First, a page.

Boxed wine has never had a good reputation, synonymous with poor quality. Too bad…the concept itself is great. The reduced packaging, production and transport costs are cheaper; the plastic bladder in tetra-packs prevents oxygenation and the pressure to finish a whole bottle; they’re environmentally friendly (renewable, recyclable and biodegradable) and they eliminate the possibility of “corked” wine. Although they’re not great for wine that needs aging, most boxed wine is meant for immediate consumption. Originating in Australia, the packaging is now all around the world. Some decent ones are out there. For best results look for those that have a vintage date, grape variety and/or specific appellation on the package.
Monday, August 15, 2016
The term “crisp” when it comes to wine has a very specific meaning. It usually refers to dry, young, whites with good, pronounced acidity. Acidity is the sour component experienced on the sides of the tongue like biting into a Granny Smith apple and all that tingling sensation you get. These wines make great aperitifs as they get the gastronomic juices flowing and give you an appetite. They’re fabulous in the warm weather because they refresh. They’re also great with oily, fried and salty foods as the acid cuts through the coating these foods leave in your mouth and cleanse the palate. Crisp wines generally do not age well, but are meant for early consumption.
Monday, August 8, 2016
Scientists are now trying to put resveratrol, the ingredient in red wine that’s supposed to be beneficial in protecting us from such maladies as Alzheimer’s, diabetes and heart disease, into pill format. Although present in red wine, it’s in such small amounts, one would theoretically have to drink mega amounts to benefit and suffer the damage of excessive alcohol in turn. The liver breaks down purified resveratrol very quickly, so researchers in Australia have been experimenting blending it with wine’s other components that appear to make it more effective. If successful this would be a great accomplishment. I wonder if the pill will come in different varietals!
Tuesday, August 2, 2016
Until recently, there has been lots of wine in the world for drinking. In fact, there has been a surplus. Unfortunately, over the last number of years supplies have dwindled because of climate change and more frequent, severe weather. Now we basically drink what we produce. It is estimated that European production, led by France, one of the largest global producers, will probably decrease by approximately 8% from last year. Large producers in the Southern Hemisphere like Argentina (down 30% from 2015) and Chile (down 25% from 2015) are feeling the effects of El Niño. South Africa is down 7% from last year. It’s simply becoming more challenging to grow wine. Why it’s enough to drive one to drink!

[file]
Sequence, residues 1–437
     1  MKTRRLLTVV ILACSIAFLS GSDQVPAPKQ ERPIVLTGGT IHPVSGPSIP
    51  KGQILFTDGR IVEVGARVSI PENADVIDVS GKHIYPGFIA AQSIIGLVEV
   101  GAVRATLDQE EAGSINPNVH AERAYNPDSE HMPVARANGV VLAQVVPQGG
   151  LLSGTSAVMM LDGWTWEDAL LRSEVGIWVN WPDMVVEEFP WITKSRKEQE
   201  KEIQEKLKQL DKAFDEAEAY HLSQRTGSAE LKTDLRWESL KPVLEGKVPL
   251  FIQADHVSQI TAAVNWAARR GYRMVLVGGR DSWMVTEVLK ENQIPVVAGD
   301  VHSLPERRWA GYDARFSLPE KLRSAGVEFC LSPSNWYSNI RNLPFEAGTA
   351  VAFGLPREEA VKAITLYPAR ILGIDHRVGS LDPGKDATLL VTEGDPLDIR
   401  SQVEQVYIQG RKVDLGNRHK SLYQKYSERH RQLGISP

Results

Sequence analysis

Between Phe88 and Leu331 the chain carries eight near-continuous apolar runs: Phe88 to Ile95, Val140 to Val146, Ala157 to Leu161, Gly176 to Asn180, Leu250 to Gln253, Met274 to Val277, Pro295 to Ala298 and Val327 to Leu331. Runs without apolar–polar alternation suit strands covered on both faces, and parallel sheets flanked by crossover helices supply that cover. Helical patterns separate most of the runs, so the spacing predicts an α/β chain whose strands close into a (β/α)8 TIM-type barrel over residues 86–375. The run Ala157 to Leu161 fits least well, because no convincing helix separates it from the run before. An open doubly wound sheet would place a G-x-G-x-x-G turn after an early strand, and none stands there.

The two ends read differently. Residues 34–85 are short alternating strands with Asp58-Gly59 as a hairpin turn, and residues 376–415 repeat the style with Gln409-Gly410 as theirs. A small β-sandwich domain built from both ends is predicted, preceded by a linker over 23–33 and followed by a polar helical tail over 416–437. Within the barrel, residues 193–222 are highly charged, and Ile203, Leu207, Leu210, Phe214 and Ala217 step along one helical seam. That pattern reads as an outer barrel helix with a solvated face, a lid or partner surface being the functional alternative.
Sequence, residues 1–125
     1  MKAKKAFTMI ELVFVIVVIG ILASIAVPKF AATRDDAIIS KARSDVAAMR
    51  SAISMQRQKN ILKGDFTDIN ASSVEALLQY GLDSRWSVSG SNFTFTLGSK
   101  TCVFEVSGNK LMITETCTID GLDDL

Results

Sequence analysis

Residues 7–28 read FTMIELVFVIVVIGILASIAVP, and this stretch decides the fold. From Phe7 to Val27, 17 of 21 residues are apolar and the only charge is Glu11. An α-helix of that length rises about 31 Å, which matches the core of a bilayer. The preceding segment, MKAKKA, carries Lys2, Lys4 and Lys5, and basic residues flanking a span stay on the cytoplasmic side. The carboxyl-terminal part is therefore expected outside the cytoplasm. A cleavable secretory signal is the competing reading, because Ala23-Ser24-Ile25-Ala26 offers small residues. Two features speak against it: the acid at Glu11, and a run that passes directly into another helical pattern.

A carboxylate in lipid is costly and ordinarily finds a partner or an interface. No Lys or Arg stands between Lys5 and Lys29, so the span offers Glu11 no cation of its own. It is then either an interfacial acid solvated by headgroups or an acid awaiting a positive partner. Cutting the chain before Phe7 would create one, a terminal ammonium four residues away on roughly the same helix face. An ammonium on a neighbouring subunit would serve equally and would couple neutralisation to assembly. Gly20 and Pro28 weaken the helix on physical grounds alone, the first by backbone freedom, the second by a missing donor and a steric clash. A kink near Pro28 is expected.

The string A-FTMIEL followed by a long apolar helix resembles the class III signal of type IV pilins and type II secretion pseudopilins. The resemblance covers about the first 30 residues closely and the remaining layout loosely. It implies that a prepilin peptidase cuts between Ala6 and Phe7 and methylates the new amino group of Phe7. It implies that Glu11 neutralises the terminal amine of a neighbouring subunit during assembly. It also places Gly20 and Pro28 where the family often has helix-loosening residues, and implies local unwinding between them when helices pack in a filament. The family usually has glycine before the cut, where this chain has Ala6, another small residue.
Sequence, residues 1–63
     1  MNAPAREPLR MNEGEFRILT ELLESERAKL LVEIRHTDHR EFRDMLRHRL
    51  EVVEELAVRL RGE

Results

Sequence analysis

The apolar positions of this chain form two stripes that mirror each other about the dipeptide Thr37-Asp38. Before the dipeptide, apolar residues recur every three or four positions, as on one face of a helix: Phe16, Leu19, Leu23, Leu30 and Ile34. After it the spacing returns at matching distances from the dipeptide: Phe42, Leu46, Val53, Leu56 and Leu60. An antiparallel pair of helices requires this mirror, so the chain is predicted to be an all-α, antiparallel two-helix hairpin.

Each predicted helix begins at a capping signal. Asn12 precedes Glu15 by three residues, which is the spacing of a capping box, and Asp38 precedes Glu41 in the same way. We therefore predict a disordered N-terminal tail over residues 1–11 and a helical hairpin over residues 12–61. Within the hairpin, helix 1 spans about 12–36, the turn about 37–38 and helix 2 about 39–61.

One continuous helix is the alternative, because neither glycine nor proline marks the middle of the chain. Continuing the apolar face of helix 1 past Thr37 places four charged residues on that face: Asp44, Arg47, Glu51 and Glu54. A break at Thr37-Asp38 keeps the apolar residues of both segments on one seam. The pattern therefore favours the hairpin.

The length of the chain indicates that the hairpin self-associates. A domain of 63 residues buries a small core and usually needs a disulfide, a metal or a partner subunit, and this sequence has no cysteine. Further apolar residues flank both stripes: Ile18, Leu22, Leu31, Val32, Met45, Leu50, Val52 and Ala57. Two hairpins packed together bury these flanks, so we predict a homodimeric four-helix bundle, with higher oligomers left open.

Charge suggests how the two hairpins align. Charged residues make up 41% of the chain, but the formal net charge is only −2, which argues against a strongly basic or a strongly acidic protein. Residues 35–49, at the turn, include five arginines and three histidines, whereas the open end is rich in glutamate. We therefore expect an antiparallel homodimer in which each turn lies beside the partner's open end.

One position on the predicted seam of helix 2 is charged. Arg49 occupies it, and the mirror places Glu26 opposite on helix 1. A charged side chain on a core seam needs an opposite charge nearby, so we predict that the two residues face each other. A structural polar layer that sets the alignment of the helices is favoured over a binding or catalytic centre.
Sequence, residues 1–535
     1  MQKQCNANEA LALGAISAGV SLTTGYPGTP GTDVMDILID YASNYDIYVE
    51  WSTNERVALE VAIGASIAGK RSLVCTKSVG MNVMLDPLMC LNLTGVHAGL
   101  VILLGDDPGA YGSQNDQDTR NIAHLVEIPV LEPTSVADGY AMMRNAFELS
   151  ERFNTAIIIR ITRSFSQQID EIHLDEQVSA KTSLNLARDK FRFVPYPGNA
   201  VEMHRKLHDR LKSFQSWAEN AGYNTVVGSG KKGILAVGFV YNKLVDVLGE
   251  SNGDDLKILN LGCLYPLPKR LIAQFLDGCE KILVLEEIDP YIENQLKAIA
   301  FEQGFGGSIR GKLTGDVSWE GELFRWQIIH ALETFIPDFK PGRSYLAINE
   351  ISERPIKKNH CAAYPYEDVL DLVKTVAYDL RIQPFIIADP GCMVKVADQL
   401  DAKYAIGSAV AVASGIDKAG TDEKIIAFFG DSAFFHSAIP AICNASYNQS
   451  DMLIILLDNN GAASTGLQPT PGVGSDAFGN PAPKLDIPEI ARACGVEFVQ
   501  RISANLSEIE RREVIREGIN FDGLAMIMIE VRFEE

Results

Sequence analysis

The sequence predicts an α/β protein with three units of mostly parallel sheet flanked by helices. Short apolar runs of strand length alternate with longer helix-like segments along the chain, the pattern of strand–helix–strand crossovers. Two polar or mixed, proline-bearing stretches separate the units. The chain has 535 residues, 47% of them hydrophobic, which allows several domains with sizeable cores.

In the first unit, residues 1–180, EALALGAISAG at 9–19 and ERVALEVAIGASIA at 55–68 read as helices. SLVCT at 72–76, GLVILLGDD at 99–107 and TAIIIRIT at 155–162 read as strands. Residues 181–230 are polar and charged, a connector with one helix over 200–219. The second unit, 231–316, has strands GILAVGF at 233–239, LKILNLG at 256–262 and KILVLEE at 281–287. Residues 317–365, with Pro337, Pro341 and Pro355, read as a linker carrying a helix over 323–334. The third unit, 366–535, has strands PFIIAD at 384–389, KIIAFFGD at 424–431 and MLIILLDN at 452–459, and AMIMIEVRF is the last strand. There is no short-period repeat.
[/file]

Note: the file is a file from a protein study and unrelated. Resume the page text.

Monday, July 25, 2016
There’s certainly enough scientific evidence out there that claims sipping some wine in moderate amounts is good for you. However, there’s an interesting bit of research that says that drinking some before hitting the sack can help you lose weight. While I don’t understand the chemistry behind this logic, it seems implausible. Wine contains alcohol that has calories and packing on added calories before bedtime without any exercise to work it off does not make sense. Some of the research was also carried out on mice and I don’t believe those results translate to humans that readily. As great as this concept would be, in my mind there simply isn’t enough human evidence from research that backs up this line of thinking.
Monday, July 18, 2016
If you love Burgundy, you’re in for some hard times and higher prices. Burgundy production has never been large and has been dwindling continuously over time. However, for the last 6 years or so bad weather has devastated vineyards in the famed wine region, especially in the Côte de Beaune, reducing crops to scary low levels. Rain, floods and hail have done their damage causing consumer prices to sore even for low-end wines. As a producer, it’s bad enough if you own your own vineyards, but if you have to buy grapes from a grower, it’s insane. There’s so little fruit, that they can virtually ask whatever price they want, so the finished wines are much pricier. Consumers will have to lower their expectations and shop very carefully.
Monday, July 11, 2016
“Natural Wine” is one of the hottest buzz concepts in the wine world today. Very simply, it is wine produced without chemicals and minimal technological intervention in the grape growing and winemaking. Although most is made organically and biodynamically, it differs in its winemaking and cellar practice. Nothing is added or removed during winemaking. Criteria include dry farming resulting in low yields; hand-harvested grapes only; no added sugars, foreign yeasts or bacteria; no acid adjustments; no additives for colour, mouth feel or minerality; minimal or no oak contact; minimal or no fining or filtration; no manipulation techniques to enhance flavour whatsoever, and minimal or no added sulfites.